Readers might recognize that the Catholic Sunday Gospel reading is very well suited to this week’s thought. This tiny snippet from the Gospel of Mark is found at chapter 10, verse 15: “Truly, I say to you, whoever does not receive the Kingdom of God like a child shall not enter it.”
For the autistic among us, childhood is already a thorny issue. Our chronological age never seems to match up with our interests. Sometimes we are drawn to things the world has designated as best for preschoolers, even if we seem too big to wonder at colors, shapes and familiar rhythms. Toddlers are allowed “imagination time” – should we not have that same permission to use objects to inspire our thoughts? Other times, we thrive being around adults, especially those who stop and listen to us and genuinely share our curiosity. Adults can be a lot easier to be around than children, who can be loud, kinetically unpredictable and impatient dealing with people who need a little extra time. When we feel the full extent of our feelings, we are told to “grow up,” and when our reactions don’t match those of the people around us, we are called “immature.”
Childhood on the spectrum is no better or worse than for those of any neurotype. But, in a very broad sense, it is very likely that the formative events of autistic people are different than those not on the spectrum. Our learning sequence may take many more detours and roundabouts than the straight road that is supposed to go from the sensorimotor stage to pre-, concrete and formal operational processing in child development.
Silly question of the week: At which developmental stage should we receive the Kingdom of God like a child?
By now, the point has become completely lost in the details.
Likewise, most of the other, less academic considerations we give this Gospel passage become waylaid by our attempt to define and apply what we think childhood means. In doing so, we completely miss the exhortation: Whoever does not receive the Kingdom of God like a child shall not enter it.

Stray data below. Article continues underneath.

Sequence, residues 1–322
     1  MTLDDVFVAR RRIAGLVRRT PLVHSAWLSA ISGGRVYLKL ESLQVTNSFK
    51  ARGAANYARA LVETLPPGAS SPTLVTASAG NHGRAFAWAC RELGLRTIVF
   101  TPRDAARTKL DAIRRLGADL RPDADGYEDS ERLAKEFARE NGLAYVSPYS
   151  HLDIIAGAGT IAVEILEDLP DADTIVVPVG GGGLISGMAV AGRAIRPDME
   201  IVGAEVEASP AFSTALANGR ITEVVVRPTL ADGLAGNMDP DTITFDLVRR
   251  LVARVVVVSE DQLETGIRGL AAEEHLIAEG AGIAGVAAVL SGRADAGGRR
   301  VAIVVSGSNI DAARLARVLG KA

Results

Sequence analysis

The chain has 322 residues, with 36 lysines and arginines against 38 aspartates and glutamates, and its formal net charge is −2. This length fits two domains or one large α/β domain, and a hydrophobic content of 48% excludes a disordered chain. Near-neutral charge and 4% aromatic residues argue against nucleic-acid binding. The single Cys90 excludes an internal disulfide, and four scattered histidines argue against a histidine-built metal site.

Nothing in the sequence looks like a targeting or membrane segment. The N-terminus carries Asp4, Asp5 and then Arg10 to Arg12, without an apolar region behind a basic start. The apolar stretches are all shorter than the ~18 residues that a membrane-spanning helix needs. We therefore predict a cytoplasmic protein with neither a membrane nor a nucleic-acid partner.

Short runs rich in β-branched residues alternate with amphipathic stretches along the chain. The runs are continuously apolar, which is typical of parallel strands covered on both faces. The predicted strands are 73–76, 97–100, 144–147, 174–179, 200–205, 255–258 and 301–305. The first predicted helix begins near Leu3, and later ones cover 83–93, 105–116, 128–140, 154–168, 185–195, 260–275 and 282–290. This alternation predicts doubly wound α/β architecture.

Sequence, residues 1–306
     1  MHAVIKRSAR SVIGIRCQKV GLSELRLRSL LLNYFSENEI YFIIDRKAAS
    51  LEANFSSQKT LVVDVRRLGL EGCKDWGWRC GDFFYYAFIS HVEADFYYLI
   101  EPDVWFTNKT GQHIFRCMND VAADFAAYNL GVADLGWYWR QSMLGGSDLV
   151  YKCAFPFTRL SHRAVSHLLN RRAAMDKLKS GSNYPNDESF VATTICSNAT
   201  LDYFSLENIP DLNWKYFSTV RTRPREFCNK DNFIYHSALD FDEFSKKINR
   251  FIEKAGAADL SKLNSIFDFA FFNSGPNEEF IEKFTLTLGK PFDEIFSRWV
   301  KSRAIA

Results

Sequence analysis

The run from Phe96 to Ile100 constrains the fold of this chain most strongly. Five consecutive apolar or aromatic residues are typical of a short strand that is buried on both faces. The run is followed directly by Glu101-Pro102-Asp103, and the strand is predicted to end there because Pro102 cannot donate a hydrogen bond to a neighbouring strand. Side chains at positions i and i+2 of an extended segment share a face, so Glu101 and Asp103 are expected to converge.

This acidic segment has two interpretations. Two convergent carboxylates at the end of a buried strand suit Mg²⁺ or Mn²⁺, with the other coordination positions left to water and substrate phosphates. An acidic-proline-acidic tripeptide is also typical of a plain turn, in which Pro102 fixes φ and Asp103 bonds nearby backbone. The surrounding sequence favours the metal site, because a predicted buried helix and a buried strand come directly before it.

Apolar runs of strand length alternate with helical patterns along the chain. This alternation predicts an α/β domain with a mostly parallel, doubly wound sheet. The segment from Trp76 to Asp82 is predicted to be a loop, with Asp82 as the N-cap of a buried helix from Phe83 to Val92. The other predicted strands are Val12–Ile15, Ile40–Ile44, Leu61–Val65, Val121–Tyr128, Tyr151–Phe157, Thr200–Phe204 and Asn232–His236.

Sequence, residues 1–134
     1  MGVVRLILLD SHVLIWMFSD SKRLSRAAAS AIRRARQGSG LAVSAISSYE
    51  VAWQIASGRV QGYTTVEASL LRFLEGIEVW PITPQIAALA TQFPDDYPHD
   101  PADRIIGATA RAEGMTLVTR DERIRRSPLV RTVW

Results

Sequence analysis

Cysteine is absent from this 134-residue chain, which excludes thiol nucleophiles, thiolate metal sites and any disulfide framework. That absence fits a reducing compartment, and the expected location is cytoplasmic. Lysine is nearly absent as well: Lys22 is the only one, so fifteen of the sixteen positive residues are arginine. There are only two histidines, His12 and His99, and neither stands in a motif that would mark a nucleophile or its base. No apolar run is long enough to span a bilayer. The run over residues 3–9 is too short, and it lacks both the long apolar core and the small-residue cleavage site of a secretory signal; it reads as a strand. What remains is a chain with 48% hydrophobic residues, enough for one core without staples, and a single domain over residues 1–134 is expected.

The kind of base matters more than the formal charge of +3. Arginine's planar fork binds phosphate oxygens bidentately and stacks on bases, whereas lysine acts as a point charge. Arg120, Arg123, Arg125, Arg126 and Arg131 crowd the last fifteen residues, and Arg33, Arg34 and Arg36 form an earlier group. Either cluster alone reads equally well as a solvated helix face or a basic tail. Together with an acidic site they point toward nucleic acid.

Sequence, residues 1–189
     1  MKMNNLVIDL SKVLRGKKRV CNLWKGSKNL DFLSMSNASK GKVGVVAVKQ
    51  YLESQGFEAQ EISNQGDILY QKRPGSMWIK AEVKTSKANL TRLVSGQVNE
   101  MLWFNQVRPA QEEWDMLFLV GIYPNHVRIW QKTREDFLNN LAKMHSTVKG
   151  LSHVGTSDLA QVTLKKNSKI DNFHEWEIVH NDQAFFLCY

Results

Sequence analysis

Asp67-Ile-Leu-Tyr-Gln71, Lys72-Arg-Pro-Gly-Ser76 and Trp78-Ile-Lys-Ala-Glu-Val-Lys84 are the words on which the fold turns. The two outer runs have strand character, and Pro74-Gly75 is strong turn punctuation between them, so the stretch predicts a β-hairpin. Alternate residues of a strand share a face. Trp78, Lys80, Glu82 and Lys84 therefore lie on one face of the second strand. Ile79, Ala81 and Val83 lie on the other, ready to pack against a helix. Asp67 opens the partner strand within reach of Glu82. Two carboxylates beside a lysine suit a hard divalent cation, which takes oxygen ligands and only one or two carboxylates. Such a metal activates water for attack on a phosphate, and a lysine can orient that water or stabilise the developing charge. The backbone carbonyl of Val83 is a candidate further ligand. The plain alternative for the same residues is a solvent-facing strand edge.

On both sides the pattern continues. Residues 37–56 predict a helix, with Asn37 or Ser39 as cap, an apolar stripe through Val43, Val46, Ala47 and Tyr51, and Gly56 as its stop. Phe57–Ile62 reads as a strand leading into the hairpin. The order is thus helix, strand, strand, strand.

Receive the Kingdom like a child.
This is what separates children from adults: DEPENDENCE.
Adults are those who have reached the stage of independence where they are expected to get and do things for themselves. No more do they need guardians to sign off on activities, provide for necessities or guide in making decisions. Adulthood, in a very simple sense, is the shift from primarily “Please help me, I need” to “I want, so let me go get.”
An adult’s wants and needs are the responsibility of that adult to pursue.
A child’s wants and needs are obtained at the mercy of others.
Saint Thorlak worried toward the end of his life that he had never had a childhood. He was required at a very young age to become very responsible so that he could one day provide for his family in the absence of his father, both materially and spiritually. As Thorlak was dying, he fretted about this Gospel passage, fearing in his literal mind that he squandered his opportunity to enter the Kingdom of God having spent his childhood as an apprentice adult.
Instead (as the story goes), God revealed that Thorlak had, in fact, demonstrated his childhood every time he depended on others for his material and spiritual well-being. Like a child, he received: education from teachers impressed with his aptitude; instruction from priests who marveled at his wisdom; companionship from adults who delighted in telling him stories of their legacies; and strength from people who struggled in one way or another, showing him that he was very much an important part of their daily lives.
Need draws provision, and the meeting of the two is the experience of God. This holds true whether the need is met well or poorly, expediently or reluctantly. However long the path to provision, the meeting of the two reveals where God was theretofore hidden.
Whether we receive the Kingdom of God through sensory channels, imaginary role play, hands-on experimentation or conceptual book knowledge is not relevant. What matters is that we do not insist on doing so by ourselves. We must voluntarily depend on others to reveal God.
Put another way: Our physical childhood begins at birth and culminates when we achieve independence. Our spiritual childhood, then, begins after we have achieved independence and gradually start learning how to depend on others– until at last we receive the full experience of the Kingdom of God.
Anywhere we go, we can find skills curricula and programs to help people learn independence. By contrast, it is nearly impossible to find any program teaching us how to depend on others. Usually, we wait until find ourselves in crisis situations to realize that learning these skills – how to trust, how to ask, how to be vulnerable – might have done us a world of good.
Maybe we should start earlier on.
We can begin by studying childhood.
Pray: Heavenly Father, our culture teaches us from an early age that is important to be independent. Help me to see how DEPENDENCE can be just as important a skill to have… and then, show me how to begin learning.
Contemplate: What does the Kingdom of God look like as I witness those who depend on others?
Relate: Try at least once this week to deliberately depend on another person… and then, watch for the signs of the Kingdom of God!